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Labour Force Survey: black unemployment up

Labour Force Survey

The majority of black and ethnic minority communities have seen big increases in the levels of unemployment and economic inactivity over the last 8 years according to the Labour Force Survey (LFS) data published this week.

This is of real concern as the levels of black unemployment among particular communities prior to the recession was already very high and any further increases could spell disaster for many communities throughout the country.

However, in looking in detail at the figures it is clear that the African, Caribbean Pakistani and Bangladeshi communities are bearing the brunt of the economic difficulties and associated effects of this recession.

Pakistani’s and Bangladeshi’s endure the highest rates of economic inactivity and compared to White Britons.

What do the statistics tell us?

Those who are neither in work or claiming benefit are deemed economically inactive (EI) by the LFS and are among Black British poorest communities.

  • For White British communities we have seen the EI rate remain relatively stable. In 2002 the rate was 20.7% and in 2010 the rate is 20.4%. White unemployment rose from 4.5% to 7.5%.
  • Black Caribbean’s have seen the EI rate drop from a high of 25.8 in 2002 to 19.7% in 2010 they also saw an unemployment rate that has climbed from 13% in 2002 to 15.4% today.
  • Whilst Black Africans have seen their rate of EI of 31.9% drop marginally to 31.5% in 2010 they have seen their unemployment rate increase from 13.9% in 2002 to 15.3% in 2010.
  • For Pakistanis the EI rate in 2002 was a jaw dropping 49.6% falling marginally to 43% today with an unemployment rate of 17.9% in 2002 now grown to 18.8% in 2010.
  • For Bangladeshi’s the EI rate was highest of any ethnic group 53.3% in 2002 and reduced to 46.2% today with an unemployment rate in 2002 of 21.4% falling to 16.4% in 2010.
  • For White and Asian category  we see an EI rate of 32.4% in 2002 drop to 30.1% in 2010.
  • Unemployment for this group was 16.7% in the final quarter of 2009 no preceding figures are available in addition this year are as yet available.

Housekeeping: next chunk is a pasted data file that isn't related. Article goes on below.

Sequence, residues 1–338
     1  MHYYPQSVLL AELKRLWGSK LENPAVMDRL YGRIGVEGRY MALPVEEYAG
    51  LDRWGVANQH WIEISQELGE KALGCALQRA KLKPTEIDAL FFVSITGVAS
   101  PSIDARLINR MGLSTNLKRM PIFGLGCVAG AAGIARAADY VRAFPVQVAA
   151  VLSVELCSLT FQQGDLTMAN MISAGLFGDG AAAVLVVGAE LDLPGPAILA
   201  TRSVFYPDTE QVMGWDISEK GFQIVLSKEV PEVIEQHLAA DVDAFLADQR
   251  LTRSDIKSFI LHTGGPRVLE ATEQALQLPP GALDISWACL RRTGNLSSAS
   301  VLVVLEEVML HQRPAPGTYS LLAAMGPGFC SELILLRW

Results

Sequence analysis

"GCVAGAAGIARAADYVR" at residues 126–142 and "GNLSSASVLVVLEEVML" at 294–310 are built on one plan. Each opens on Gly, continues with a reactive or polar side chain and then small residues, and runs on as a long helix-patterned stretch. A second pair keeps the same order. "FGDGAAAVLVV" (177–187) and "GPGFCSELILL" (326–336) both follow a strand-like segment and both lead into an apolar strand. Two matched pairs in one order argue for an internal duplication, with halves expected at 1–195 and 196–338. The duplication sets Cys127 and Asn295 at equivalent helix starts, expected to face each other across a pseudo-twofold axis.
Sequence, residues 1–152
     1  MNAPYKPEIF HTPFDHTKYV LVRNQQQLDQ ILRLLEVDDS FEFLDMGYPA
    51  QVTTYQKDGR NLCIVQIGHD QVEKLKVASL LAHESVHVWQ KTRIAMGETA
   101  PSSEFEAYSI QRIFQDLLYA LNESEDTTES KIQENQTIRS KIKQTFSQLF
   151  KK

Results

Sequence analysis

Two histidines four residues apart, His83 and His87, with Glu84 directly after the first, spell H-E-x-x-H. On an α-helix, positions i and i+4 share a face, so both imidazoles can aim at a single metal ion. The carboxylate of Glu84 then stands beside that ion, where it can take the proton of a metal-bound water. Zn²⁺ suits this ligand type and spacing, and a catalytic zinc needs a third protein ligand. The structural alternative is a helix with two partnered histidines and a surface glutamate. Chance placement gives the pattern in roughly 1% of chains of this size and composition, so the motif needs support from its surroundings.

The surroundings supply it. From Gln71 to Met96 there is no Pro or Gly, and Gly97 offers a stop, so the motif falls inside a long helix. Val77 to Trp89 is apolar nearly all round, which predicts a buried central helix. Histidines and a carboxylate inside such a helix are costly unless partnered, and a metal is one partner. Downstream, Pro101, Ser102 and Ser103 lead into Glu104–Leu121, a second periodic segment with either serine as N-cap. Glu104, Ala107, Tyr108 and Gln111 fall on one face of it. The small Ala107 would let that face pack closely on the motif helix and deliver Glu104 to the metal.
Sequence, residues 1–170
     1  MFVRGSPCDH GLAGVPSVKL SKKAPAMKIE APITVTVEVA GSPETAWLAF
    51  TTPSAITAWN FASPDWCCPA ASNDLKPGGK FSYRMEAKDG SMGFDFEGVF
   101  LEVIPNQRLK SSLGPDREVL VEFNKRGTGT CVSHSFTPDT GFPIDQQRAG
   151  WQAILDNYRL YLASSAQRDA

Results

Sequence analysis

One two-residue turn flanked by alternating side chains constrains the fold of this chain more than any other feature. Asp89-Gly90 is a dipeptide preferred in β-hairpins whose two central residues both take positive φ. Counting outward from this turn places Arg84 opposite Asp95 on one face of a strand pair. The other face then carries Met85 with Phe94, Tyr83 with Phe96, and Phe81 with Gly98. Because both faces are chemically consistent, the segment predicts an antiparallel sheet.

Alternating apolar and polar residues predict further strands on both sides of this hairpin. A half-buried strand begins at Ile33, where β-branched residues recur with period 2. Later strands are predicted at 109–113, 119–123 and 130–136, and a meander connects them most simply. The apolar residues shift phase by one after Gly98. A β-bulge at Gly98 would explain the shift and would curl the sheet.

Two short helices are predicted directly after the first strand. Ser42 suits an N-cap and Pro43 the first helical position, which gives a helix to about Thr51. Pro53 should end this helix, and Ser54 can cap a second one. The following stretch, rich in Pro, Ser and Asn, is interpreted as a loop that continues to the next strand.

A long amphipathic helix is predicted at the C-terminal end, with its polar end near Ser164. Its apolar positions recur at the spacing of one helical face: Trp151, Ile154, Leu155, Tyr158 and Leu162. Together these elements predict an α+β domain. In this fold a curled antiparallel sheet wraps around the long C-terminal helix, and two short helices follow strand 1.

These are incredibly worrying figures with further increases in Black and ethnic minority unemployment expected as a result of the public sector cuts. Add to this the withdrawal of much needed public and voluntary sector services then the scenario becomes much more worrying.

In the weeks and months ahead the Coalition Government will need to explain how it intends to tackle the prospect of increased levels of unemployment and higher levels of economic inactivity for these communities.

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3 Responses

  1. […] Labour Force Survey: black unemployment up […]

  2. “The majority of black and ethnic minority communities have seen big increases in the levels of unemployment and economic inactivity over the last 8 years according to the Labour Force Survey”

    This is under a Labour Government.

    “This is of real concern as the levels of black unemployment among particular communities prior to the recession was already very high and any further increases could spell disaster for many communities throughout the country.”

    The Employment Tribunal Service are making a significant contribution to this problem.

    “In the weeks and months ahead the Coalition Government will need to explain how it intends to tackle the prospect of increased levels of unemployment and higher levels of economic inactivity for these communities.”

    In order for the coalition government to be able to tackle this problem effectively, I welcome them to ask the Employment Tribunal Service to provide the following details:

    1. The number of claims for Racial Discrimination made to the Employment Tribunals since October 2004 to present, the ethnic background of the claimants, and the outcome to their claims.

    2. The number of claims made for Racial Discrimination and Victimisation made to the Employment Tribunals since October 2004 to present, the ethnic background of all claimants and the outcome to their claims (4 February 2010).

    (Refused.
    Refused by Employment Tribunals Service to Yinka Oyesanya on 15 January 2010.)

    3. Can you kindly supply me with information of the number of unfair dismissal claims brought to Employment Tribunals since October 2004 to date, the number of successful and unsuccessful claims, and the ethnic backgrounds of the applicants? (18 October 2009)

    “The request was refused by Employment Tribunals Service.”

    These key questions will never be answered by even the present government because it will reveal very embarassing results. The actions of a very deplorable Labour Government coupled with the actions of an Employment Tribunal Service; carrying out bad policies from that government, have greatly contributed to the increase in unemployment among minority ethnic groups.

    • What are the Employment Tribunal Service hiding by their refusal to supply the following information I requested under the Freedom of Information Act?

      Why have they deliberately targeted minority ethnic communities?

      Who in the last government set up such a heidious system, and why is he/she not explaining to us, the logic behind it?

      What is this present government going to do about this problem?

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